One of the most important signals for search engines to rank a page up or down is the behavioral patterns of those who reach the page. If the search engines see that people close the page immediately, don’t read it or click on the “Apply for this job” button much less than on other similar pages, that’s a strong signal for a search engine that this page is less relevant so that they will downrank it for sure.
As reported in an Indeed survey, 52% of the candidates asked about the influence of the job description said that it was either very or extremely influential. The general advice is to try to make the job description interesting enough to read it, scroll through it, and be willing to apply. Let’s talk about it in more details:
Describe the job in simple language, don’t talk in a typical corporate neutral tone. Normal human language creates empathy, while corporate talk instantly alienates, producing a higher bounce rate, possibly worsening the page rank.
Provide relevant details of the job. Mention the core responsibilities, required skills, and personal traits. The better detailed and accurate your job description, the more the chance that people will stay longer reading it (lower bounce rate) and further interact with it (more user actions like clicking on the “Apply” button).
Include salary details. People quit reading job postings way too much when they don’t see anything about the salary range. According to an Indeed survey, 25% of job seekers claim that salary and benefits are the most important part of the vacancy. Also, mind generous unemployment benefits during the pandemic that people now value more than finding a job with a regular salary. Therefore the higher salary rates in the job description will bring more chances to hunt a candidate.
Avoid large walls of text which instantly make it too boring to read. Keep it at no more than 700 words and bullet-point the most important sections like skills required as Google ranks well-structured content higher.
Use the keywords you’ve chosen throughout the text but do not overdo them. The average keyword density is around 2%.
Let people know who you are and why it may be tempting to work for your company. 72% of job-seekers pay attention to company culture when reading a vacancy. Also, consider health and financial risks that people gained during the pandemic and became less likely to switch jobs. Therefore, relevant and useful job information will get more application clicks compared to others.
Aside from pandemic-induced shift to remote work, many people that provide in-person services (grocery store managers, drivers, nurses) are still looking for open job opportunities in a specific city or region. By adding geographic information to your job, you narrow your search and get applications from candidates who are directly interested in working for you. Here are some tips on how to use local search features in your job postings:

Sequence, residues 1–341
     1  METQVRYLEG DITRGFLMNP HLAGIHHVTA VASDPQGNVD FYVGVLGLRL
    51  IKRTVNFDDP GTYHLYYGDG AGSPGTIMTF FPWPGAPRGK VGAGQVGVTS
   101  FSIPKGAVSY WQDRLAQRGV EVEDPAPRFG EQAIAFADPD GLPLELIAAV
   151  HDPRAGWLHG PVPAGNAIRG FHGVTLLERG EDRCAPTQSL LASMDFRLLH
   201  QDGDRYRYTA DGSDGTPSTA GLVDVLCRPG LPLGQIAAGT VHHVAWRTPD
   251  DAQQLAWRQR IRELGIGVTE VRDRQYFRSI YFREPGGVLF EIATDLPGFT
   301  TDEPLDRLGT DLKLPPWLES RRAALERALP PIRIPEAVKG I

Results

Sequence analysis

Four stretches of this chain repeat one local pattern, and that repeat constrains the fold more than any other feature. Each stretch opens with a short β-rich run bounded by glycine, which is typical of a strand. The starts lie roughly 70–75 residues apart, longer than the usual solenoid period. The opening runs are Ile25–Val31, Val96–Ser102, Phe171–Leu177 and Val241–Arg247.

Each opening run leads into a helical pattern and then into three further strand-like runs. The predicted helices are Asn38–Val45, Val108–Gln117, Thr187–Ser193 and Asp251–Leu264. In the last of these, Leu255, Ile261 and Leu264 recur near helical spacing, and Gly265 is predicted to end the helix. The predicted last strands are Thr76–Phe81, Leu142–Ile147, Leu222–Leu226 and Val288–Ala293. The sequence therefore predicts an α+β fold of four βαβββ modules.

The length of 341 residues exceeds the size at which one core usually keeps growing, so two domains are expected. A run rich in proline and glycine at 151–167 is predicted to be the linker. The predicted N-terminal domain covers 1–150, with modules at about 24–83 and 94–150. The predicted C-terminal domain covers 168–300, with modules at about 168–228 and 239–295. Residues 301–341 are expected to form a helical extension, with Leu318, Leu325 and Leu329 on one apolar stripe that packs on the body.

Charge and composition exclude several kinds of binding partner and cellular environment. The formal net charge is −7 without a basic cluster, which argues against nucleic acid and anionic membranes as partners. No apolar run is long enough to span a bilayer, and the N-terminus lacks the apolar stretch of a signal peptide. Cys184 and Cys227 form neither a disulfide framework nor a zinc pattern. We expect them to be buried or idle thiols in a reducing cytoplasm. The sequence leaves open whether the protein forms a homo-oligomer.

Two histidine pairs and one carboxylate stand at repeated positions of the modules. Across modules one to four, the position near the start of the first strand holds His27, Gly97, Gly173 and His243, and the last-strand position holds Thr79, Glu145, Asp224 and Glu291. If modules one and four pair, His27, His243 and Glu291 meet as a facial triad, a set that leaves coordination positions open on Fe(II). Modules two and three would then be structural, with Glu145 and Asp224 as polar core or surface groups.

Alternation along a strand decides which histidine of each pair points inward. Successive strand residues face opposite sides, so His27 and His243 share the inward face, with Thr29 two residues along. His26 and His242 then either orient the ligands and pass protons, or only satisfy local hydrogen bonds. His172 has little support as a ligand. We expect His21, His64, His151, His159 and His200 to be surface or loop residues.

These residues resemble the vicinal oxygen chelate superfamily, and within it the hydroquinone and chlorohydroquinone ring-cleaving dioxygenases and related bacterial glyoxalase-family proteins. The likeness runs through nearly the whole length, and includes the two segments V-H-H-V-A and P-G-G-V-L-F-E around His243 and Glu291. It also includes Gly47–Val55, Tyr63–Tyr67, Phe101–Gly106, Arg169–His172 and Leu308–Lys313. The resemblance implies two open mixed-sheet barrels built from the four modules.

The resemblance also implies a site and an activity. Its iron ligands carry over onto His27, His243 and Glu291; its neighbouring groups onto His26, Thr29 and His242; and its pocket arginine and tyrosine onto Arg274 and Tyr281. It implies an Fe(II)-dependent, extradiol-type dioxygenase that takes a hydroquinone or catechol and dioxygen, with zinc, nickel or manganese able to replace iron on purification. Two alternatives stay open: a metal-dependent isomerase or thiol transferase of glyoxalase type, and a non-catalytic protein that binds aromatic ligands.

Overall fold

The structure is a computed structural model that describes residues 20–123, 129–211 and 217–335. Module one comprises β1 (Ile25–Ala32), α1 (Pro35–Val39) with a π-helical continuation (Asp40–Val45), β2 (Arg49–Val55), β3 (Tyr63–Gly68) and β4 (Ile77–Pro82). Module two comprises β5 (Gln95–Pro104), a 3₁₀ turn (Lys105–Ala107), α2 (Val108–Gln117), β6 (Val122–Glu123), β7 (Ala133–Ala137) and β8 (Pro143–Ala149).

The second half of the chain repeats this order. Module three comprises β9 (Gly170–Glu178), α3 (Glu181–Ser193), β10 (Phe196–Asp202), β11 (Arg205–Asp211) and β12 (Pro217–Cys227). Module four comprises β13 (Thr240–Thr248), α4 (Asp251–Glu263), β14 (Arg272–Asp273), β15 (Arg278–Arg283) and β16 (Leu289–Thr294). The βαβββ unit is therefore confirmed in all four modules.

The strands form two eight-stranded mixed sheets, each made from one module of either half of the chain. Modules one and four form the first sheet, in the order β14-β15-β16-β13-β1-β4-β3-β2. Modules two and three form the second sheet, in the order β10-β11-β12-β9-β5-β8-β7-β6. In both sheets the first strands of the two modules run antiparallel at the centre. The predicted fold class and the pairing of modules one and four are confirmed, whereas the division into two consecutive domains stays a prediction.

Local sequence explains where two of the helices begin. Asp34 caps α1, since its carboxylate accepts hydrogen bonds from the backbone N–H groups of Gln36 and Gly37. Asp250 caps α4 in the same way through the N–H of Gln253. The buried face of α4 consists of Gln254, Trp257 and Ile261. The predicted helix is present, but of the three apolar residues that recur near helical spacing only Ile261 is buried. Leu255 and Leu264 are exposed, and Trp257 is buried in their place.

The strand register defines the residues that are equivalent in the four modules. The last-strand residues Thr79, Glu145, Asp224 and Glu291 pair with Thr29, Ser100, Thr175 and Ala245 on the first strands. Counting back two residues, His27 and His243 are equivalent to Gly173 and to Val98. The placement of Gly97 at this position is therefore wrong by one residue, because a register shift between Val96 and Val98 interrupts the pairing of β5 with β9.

Add the city or region to your vacancy title;
In the job description, list the regions where you have offices;
Use keywords such as “sales rep in New York” in the vacancy text – that is, with an accurate geographic reference;
When creating a company profile on a job search website, indicate the cities you have representative offices.
Google continues launching its feature called Google for Jobs around the globe that makes more HR specialists care about SEO techniques. The service pulls all the job postings relevant to a search and displays them on the search result page. It is a great help for any human resources manager as high-ranked job postings will attract more views and clicks from the candidates.
The catch is that you cannot post to it directly. It will automatically look for job postings that use the specific JobPosting schema for marking up data on the page. To add JobPosting schema markup to your company site, you’d need help from SEO specialists. As for the largest job sites where you usually post your vacancies, they all use it, so you don’t have to care about it there.
Also, there could be some job boards you just may not know about. Search for something like “best job boards 2021” + the job title of your vacancy in particular niche websites. Chances are you’ll find some lists of job boards for this profession, like the list of the Best Niche Job Boards for Web Designer Jobs, where you can apply to be included in this list. Be sure to differ from competitors’ job offers.
To get more quality applications on your job postings, you don’t need to be an experienced SEO specialist. The search for candidates becomes more competitive and complicated as the hiring market shifts so quickly in 2021. Thus experiment with SEO skills and smart tactics to stay afloat. SEO basics are one of such skills which HR specialists should utilize.Be original and describe your vacancy in detail in simple language with bullet points, and you’ll receive a stream of applications from relevant job-seekers.